1(in Freudian theory) the part of the mind that imposes on itself concepts of ideal behavior developed from parental and social standards.
- ‘Once the ego-ideal is clearly distinguished from the super-ego, it becomes possible to make sense of much that formerly remained obscure in psychoanalytic theory.’
- ‘In psychoanalytic terms, the scale indicates the extent to which parents serve as their child's identification object or ego-ideal, as well as the degree to which parental authority is viewed as an instrument of learning.’
- ‘We may understand this narcissistic play with the demonic-benevolent mother to present a reality check on the part of the child, in this way securing for itself a new existential dimension - the ego-ideal.’
- ‘Freud considered that, in mania, the split between the ego-ideal and the ego was abolished.’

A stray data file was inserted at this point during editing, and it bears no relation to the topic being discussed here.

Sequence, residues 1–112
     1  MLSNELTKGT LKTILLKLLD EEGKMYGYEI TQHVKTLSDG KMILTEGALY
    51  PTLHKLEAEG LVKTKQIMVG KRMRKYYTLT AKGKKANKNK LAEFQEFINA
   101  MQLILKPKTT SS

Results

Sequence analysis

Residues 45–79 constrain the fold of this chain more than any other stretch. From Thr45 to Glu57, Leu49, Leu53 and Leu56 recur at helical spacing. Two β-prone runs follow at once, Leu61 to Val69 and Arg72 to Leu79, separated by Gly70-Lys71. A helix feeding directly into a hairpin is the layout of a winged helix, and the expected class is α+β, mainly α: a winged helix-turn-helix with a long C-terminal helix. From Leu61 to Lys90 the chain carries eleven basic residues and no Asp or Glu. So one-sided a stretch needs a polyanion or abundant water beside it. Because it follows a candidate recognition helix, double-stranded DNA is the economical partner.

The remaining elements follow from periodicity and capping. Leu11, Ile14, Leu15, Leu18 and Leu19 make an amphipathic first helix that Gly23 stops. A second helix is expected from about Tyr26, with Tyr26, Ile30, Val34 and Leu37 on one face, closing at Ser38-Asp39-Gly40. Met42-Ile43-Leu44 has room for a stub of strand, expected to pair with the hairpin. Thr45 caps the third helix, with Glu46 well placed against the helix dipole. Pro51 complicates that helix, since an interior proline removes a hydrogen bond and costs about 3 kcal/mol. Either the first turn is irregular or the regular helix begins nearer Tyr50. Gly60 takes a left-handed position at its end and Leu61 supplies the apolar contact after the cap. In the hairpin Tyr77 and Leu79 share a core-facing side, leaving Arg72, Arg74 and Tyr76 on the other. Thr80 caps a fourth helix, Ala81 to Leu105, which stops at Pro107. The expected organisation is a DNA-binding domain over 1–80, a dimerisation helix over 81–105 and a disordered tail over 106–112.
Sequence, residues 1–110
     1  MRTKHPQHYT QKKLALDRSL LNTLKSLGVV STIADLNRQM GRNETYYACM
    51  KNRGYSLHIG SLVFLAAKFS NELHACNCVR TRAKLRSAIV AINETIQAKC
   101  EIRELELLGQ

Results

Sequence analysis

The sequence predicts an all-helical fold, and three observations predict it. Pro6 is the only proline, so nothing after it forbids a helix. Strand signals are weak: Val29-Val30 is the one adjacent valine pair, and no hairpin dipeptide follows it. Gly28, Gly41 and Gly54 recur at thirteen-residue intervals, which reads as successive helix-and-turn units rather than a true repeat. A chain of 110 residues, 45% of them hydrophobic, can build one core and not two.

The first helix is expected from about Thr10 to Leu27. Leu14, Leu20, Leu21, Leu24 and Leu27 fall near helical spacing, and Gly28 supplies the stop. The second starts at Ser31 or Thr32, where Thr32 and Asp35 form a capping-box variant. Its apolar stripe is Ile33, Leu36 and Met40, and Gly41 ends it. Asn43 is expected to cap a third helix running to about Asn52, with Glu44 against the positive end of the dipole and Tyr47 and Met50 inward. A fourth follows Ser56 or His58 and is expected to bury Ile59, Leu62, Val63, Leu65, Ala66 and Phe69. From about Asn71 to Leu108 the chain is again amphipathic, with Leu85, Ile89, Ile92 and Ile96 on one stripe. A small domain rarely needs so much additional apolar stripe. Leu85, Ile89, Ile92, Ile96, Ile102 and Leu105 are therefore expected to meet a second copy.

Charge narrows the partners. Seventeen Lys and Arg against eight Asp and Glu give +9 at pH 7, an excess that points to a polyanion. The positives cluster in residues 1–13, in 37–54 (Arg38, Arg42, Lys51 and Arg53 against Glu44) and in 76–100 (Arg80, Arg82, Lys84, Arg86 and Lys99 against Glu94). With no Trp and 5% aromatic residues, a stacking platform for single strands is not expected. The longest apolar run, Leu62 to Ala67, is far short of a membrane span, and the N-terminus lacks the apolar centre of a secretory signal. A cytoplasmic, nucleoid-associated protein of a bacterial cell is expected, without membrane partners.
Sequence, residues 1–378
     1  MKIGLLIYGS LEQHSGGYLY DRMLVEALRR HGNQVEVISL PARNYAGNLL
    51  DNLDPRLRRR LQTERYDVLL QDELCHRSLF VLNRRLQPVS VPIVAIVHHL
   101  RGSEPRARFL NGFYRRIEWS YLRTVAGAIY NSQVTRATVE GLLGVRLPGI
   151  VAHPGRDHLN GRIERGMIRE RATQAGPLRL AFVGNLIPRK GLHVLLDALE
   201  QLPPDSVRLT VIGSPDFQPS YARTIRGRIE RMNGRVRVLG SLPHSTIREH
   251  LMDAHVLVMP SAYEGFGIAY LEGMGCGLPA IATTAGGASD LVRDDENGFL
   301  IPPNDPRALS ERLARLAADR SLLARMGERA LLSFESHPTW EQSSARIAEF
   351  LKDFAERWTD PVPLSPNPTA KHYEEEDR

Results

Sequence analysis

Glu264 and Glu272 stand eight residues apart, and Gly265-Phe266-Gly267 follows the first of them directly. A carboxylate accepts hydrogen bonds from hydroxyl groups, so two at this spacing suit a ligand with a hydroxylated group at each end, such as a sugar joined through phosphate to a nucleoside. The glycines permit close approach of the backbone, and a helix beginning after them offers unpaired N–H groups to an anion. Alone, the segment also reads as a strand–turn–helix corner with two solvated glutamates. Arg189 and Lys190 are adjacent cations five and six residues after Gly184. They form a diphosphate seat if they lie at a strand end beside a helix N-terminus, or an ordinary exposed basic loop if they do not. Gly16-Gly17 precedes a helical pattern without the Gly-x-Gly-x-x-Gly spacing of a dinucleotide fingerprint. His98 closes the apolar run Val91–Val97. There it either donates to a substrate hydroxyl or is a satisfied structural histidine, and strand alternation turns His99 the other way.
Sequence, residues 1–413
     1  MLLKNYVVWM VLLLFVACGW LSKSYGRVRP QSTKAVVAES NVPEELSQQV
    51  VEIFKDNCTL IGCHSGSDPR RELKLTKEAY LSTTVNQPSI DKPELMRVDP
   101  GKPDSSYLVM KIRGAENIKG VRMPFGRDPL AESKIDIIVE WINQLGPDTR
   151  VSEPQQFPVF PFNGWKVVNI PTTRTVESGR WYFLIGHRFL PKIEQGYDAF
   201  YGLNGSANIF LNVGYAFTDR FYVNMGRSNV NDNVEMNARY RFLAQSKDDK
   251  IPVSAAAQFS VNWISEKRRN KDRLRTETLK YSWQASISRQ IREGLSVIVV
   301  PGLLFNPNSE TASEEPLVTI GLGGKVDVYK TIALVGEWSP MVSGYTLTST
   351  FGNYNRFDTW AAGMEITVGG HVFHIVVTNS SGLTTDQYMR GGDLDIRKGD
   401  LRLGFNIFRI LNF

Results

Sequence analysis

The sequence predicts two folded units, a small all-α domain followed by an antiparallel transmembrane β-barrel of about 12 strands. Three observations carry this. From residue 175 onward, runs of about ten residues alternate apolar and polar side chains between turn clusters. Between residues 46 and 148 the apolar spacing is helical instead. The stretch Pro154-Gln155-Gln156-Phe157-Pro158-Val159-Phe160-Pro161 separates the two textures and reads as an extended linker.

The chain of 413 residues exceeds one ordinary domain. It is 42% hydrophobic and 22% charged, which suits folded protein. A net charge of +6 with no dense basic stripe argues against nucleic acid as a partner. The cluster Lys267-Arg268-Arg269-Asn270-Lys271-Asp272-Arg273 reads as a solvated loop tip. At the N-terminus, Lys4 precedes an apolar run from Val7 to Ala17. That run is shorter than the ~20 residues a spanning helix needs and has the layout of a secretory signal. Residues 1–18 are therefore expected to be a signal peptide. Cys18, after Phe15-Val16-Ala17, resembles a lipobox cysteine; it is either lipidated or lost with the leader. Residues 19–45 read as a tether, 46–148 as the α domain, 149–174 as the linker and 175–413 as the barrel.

- ‘The therapist becomes internalized in place of the existing ego-ideal, which is based on past identification with others, perhaps the parents; then the analysand become less guilty.’
- 1.1 (in general use) an idealized conception of oneself.
- ‘Walker achieves manhood and moral agency by conforming to his ego-ideal, the Asian American activist.’
- ‘Cinema-goers flock to fantastical movies to live vicariously through their ego ideals.’
- ‘I pay for the cab fare and footwear by being an actual writer - no longer as a hazy ego ideal or TV-based lifestyle aspiration, but as a sometimes gratifying, often grueling, seldom sufficiently remunerative job.’
- ‘Audiences seek to model themselves on their screen ego-ideals, and companies capitalize on this identification process.’
- ‘When we spend time in cyberspace, we are not quite ourselves; we may come as close as possible to attaining the ego-ideal.’
We take a look at several popular, though confusing, punctuation marks.